A genie is powerless to stop a summons. They experience a moment of weightlessness, a bubble of incandescent light that fades as they materialise on Earth. Their talisman is supposed to deposit them before the summoner. The Jinn’s coin had never excelled in that respect; preferring to summon him into sticky/painful places anywhere within a mile of his summoner. Today was to be no exception. His senses returned with a shock of loud party music. He was momentarily aware of the dripping-wet, spherical walls that glowed orange around him. He focused on what appeared to be eyes and teeth on one side and gulped. His orange-and-black bat patterned shorts were growing very hot- smoking in fact. He grew wide-eyed and shot into the air. His head hit the roof of the small globular chamber, and he slammed back to the wet floor.
“Ahh! What the hell is this?” he screamed as the whole thing lurched and fell. The tea-light candle he’d appeared on, hit him in the face as the object slammed into the floor hard enough to cave it in. The Jinn felt himself rolling end over end a half dozen times before the momentum stopped. He dropped to the floor of the object, covered in juices, singed and dizzy. “Oof, who needs a rollercoaster?”
“Woah, guys. What made the Jack-o-lantern fall?” asked a male voice breaking through the loud music, somewhere above.   
“Ahh, I think it was a ghost. Will you protect me?” replied a female.
“Nah that’s not it, boo-tiful. Ghosts don’t affect things, poltergeists do that. They throw things, you know,” said another voice.
“I reckon, one of you clowns knocked it off,” decided the one called Stevie.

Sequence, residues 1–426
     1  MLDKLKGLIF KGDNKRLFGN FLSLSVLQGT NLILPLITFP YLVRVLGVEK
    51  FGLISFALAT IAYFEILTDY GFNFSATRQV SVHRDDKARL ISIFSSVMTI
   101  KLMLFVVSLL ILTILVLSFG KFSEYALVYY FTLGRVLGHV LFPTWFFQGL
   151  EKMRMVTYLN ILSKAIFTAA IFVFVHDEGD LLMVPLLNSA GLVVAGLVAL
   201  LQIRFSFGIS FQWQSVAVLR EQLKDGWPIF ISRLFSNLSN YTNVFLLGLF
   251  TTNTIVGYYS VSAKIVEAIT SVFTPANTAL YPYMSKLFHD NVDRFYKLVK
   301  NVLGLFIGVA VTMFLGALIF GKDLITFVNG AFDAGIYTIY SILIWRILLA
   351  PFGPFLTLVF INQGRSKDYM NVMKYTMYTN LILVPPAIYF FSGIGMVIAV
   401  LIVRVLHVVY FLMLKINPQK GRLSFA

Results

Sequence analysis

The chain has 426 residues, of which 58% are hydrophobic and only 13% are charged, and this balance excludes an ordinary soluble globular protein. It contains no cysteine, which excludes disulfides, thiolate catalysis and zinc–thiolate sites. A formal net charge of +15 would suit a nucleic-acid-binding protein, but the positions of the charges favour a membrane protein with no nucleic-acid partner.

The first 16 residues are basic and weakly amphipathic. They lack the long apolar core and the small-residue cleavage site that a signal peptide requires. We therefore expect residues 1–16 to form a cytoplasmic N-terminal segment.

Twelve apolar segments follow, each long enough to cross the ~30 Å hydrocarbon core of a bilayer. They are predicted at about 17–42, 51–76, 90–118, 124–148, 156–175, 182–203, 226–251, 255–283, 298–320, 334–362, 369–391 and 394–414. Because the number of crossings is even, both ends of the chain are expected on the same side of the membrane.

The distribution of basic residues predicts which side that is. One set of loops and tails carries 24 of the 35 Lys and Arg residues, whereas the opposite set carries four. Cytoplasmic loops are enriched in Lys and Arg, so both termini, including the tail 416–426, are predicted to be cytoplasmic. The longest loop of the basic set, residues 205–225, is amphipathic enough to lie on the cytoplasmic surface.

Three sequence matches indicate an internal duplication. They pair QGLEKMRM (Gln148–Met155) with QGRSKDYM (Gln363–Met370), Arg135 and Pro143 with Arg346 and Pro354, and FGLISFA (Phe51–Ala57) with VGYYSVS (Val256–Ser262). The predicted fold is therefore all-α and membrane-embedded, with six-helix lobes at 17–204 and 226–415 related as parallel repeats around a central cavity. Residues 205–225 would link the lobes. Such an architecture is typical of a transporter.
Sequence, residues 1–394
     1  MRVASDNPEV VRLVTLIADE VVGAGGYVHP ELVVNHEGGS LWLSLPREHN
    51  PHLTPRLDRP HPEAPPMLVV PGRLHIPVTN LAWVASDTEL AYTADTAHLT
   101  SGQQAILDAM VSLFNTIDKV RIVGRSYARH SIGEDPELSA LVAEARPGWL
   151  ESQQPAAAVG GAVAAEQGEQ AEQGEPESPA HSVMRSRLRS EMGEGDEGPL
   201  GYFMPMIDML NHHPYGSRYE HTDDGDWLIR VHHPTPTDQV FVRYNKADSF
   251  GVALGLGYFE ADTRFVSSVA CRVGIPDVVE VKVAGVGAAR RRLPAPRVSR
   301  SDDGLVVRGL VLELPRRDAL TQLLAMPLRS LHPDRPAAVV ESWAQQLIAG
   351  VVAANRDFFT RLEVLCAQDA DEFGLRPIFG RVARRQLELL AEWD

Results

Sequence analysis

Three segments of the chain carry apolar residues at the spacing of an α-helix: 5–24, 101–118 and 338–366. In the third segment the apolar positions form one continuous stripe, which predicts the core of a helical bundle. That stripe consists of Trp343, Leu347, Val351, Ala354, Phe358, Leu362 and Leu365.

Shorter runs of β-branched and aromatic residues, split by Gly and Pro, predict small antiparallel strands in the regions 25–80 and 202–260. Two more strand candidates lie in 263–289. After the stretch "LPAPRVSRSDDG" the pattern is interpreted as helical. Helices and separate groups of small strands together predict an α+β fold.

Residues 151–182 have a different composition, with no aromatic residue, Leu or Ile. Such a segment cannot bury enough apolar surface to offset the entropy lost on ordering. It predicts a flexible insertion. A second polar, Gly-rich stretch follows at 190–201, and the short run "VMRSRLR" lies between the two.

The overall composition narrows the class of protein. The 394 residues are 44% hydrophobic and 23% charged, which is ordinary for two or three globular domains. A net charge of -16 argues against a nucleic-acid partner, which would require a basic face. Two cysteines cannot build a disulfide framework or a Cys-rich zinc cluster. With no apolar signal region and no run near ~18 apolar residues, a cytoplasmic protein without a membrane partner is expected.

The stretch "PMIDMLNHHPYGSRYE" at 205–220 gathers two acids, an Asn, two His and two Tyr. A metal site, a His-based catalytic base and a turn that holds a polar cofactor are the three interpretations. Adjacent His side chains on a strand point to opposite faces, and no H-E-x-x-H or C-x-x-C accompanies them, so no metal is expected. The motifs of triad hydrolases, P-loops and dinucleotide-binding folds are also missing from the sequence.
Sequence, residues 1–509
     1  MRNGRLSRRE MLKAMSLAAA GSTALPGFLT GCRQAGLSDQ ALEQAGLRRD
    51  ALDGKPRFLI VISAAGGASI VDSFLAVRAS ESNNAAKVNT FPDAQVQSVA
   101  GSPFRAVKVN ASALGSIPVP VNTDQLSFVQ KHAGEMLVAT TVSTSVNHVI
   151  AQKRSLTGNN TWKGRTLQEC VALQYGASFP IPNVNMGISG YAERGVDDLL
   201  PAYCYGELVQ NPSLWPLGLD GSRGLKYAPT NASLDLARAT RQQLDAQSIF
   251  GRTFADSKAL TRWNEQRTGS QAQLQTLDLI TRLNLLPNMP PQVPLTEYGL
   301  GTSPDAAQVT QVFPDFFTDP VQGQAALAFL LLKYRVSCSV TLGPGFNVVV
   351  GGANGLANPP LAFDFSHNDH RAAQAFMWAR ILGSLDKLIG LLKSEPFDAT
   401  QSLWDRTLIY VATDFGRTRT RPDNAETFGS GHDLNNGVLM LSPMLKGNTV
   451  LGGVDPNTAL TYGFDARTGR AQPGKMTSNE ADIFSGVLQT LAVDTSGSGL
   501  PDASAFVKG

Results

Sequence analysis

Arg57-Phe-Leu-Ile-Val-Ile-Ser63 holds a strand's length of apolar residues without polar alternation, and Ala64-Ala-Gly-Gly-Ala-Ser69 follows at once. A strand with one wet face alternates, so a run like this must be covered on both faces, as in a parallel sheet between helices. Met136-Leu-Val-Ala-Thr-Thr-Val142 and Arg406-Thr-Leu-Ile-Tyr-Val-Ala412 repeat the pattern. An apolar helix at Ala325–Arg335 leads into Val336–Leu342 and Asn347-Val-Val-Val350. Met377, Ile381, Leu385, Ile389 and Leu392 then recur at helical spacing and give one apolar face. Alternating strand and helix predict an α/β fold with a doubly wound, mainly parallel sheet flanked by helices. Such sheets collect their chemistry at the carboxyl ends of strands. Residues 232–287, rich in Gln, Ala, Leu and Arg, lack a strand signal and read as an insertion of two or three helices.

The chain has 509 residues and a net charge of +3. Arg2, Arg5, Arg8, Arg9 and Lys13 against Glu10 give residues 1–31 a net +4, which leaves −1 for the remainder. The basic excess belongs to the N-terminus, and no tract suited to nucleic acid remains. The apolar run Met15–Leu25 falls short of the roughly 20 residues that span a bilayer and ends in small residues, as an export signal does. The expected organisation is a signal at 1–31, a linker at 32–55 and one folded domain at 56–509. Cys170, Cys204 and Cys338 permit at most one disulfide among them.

“Bite me,” replied a vampire girl looking annoyed at the blame being spread in her direction.

The Jinn crawled out of the jack-o-lantern’s broken mouth. He was immediately surrounded by a sea of legs in a darkened room. “It fell off because one of your rotten gits summoned me upon the bloody candle in there!” he yelled. Looking up he saw teenagers who looked like walking dead, some grotesquely skewered with knives, others just seemed to be festering with their green skin. He saw a mummified girl, several vampires, a giant bear, witches, superheroes. He opened his mouth to yell again, but a foot slammed into his back sending him flying over the sea of partying people. With no time to react, he smashed through bat and pumpkin bunting and took out a swath of fake spiderweb. Free of that, he let out a cry of fear as he slammed into a wall-mounted skeleton, knocking the legs off. His momentum gone, he plummeted into a bowl causing an explosion of popcorn.
“And pop goes the bloody Jinn,” he groaned as he surfaced. “Where’s my Sum—” he never finished the sentence, he was scooped up with handful of popcorn. He felt himself rise toward an unshaven male face. The Jinn watched the cavernous mouth open. The whole handful of popcorn and the Jinn were going to go straight into that maw of pearly white, minty fresh teeth.
“Don’t eat me!” yelled the Jinn unable to free himself.
The boy saw the Jinn in his hand, swore in shock and dropped him. The Jinn fell straight into a Coke glass. It dropped onto its side and rolled off the buffet table. He barely jumped clear as it hit the floor and detonated like a fragmentary grenade.
“What the hell are you doing?” somebody yelled over the music.